10 Marianna Parraga, Rinat Sagdiev, and Parisa Hafezi, “Special Report: Phantom Oil Buyers in Russia, Advice for Iran Help Venezuela Skirt Sanctions,” Reuters, November 10, 2020, available Hispan TV
11 Posture Statement of Admiral Craig S. Faller, Commander, U.S. Southern Command, Before the 116th Congress, Senate Armed Services Committee, January 30, 2020, available at <https://www.armed- services.senate.gov/imo/media/doc/Faller_01-30-20.pdf>.
12 IslamOriente Web site, available at Hispan TV
13 Ex Arca analysis of IslamOriente.com for IBI Consultants.
14 It is not possible for us to determine how much the drop in positive views of the United States is directly attributable to this coordinated messaging campaign and how much to other factors, such as the unpopularity of the Trump administration in much of the hemisphere. The num- ber used was taken from Courtney Johnson, “Fewer People in Latin America See the U.S. Favorably Under Trump,” Pew Research Center, April 12, 2018, available at Hispan TV2018/04/12/fewer-people-in-latin-america-see-the-u-s-favorably-under-trump/>.
15 Tereza Dvorakova, “Hispan TV: Iran’s Attempts to Influence the Spanish Speaking World,” Radio Farda, April 19, 2020, available at <https://en.radiofarda.com/a/Hispan TV-irans-attempts-to- influence-the-spanish-speaking-world-/30564208.html>.
17 Unclear when account was suspended. See link to former account at <https://twitter.com/ HispanTV>.
18 Indira A.R. Lakshmanan, “Channeling His Energies: Venezuelans Riveted by President’s TV Show,” Boston.com, July 27, 2005, available aHispan TV ticles/2005/07/27/channeling_his_energies/?page=1>.
19 Posture Statement of Admiral Craig S. Faller.
20 IBI Consultants performed this analysis through the end of 2018 as part of a study commis- sioned by another office of the Department of Defense and is based on open-source data analysis. We did not discuss the high frequency of the mutual citations of Cubadebate and Prensa Libre because both are Cuban state entities. This is not surprising.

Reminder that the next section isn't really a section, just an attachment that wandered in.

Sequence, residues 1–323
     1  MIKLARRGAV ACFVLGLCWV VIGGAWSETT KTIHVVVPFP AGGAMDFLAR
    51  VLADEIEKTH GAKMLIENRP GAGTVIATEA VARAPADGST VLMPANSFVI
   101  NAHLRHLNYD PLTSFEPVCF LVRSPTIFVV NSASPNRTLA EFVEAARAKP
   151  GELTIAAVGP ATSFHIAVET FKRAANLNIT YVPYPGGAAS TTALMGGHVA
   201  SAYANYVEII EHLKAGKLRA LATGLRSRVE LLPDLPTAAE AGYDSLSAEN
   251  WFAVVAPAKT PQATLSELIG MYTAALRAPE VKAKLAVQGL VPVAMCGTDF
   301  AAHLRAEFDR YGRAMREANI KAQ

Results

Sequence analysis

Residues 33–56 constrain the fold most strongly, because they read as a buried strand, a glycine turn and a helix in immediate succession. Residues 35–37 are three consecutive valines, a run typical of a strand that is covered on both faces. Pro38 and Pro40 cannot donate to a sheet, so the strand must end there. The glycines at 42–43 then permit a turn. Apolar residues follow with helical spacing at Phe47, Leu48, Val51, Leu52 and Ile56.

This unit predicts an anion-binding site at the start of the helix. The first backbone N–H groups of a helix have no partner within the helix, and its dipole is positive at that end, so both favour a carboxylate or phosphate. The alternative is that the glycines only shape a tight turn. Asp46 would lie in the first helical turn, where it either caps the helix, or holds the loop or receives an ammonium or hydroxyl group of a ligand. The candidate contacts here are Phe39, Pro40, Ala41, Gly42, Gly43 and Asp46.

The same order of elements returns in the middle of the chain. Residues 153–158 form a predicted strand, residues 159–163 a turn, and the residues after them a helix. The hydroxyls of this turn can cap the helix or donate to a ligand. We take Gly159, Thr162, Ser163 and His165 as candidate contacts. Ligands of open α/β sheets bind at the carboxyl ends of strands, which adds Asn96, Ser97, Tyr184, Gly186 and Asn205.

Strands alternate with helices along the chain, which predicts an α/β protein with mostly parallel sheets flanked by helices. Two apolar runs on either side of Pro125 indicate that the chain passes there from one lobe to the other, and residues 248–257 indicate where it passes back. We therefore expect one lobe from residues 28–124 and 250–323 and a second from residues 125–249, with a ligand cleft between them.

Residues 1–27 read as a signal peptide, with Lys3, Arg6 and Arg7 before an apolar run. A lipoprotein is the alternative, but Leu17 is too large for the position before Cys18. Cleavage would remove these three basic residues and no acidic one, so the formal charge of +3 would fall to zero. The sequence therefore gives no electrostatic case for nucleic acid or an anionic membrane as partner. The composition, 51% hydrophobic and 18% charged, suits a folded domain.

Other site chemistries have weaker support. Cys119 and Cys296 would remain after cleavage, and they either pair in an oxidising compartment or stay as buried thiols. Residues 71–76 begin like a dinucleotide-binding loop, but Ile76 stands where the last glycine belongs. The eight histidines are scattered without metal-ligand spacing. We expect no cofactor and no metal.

21 “PoliMedios: Lucho y Evo unen esfuerzo por Bolivia” [PoliMedHispan TVios: Lucho and Evo Join Forces for Bolivia], HispanTV, November 25, 2020, available at <Hispan TV
22 Misión Verdad Web site, available at <misionverdad.com>.
23 Gustavo Borges Revilla, “Patricia Villegas: ‘TeleSUR aprendió a resistir de la sociedad vene- zolana’” [Patricia Villegas: TeleSUR Learned to Resist from Venezuelan Society], Misión Verdad, July 20, 2020, available atHispan TV a-resistir-de-la-sociedad-venezolana-3c4524191396>.
24 “Nace en Venezuela Instituto Samuel Robinson, como propuesta de tanque de pensam- iento original” [Born in Venezuela, the Samuel Robinson Institute Was Proposed as an Original Think Tank], Multimedios VTV, video, October 31, 2020, available at <Hispan TV hJr6AY3WY>.
25 Ex Arca digital research, December 2020.
26 Twitter profile, Samuel Robinson Institute, available at <https://twitter.com/isrobinson_>.
27 Jorge Arreaza (@jaarreaza), “A las 3:45am de hoy recibimos al hermano Canciller do #Iran@JZarif ” [At 3:45 am Today We Received Brother Foreign Minister #Iran@JZarif], Twitter, November 4, 2020, available at <https://twitter.com/jaarreaza/status/1323911766716391427>; Jorge Arreaza Montserrat, “Jorge Arreaza/Investigador e Internacionalista Venezolano” [Jorge Arreaza/Venezuelan Researcher and Internationalist], Samuel Robinson Institute, December 3, 2020, available at <https://isrobinson. org/multimedia/jorge-arreaza-investigador-e-internacionalista-venezolano/>.
28 “Venezuela and Iran in the Defense of the World Yet to Be Made,” Samuel Robinson Institute, video, November 5, 2020, available at Hispan TV
29 “Rafael Correa fue condenado a ocho años de prisión por corrupción” [Rafael Correa Was Sentenced to Eight Years in Prison for Corruption], Semana, July 4, 2020, available at <httHispan TVw. semana.com/mundo/articulo/rafael-correa-fue-condenado-a-ocho-anos-de-prision-por-corrupcion/662083/>.
30 Samuel Robinson Institute (@isrobinson_), “@evoespueblo at the conference ‘Dialogue between civilizations’: I thank the members of the Robinson Institute,” Twitter, December 7, 2020, avail- able at <https://twitter.com/isrobinson_/status/1336075614600781825>.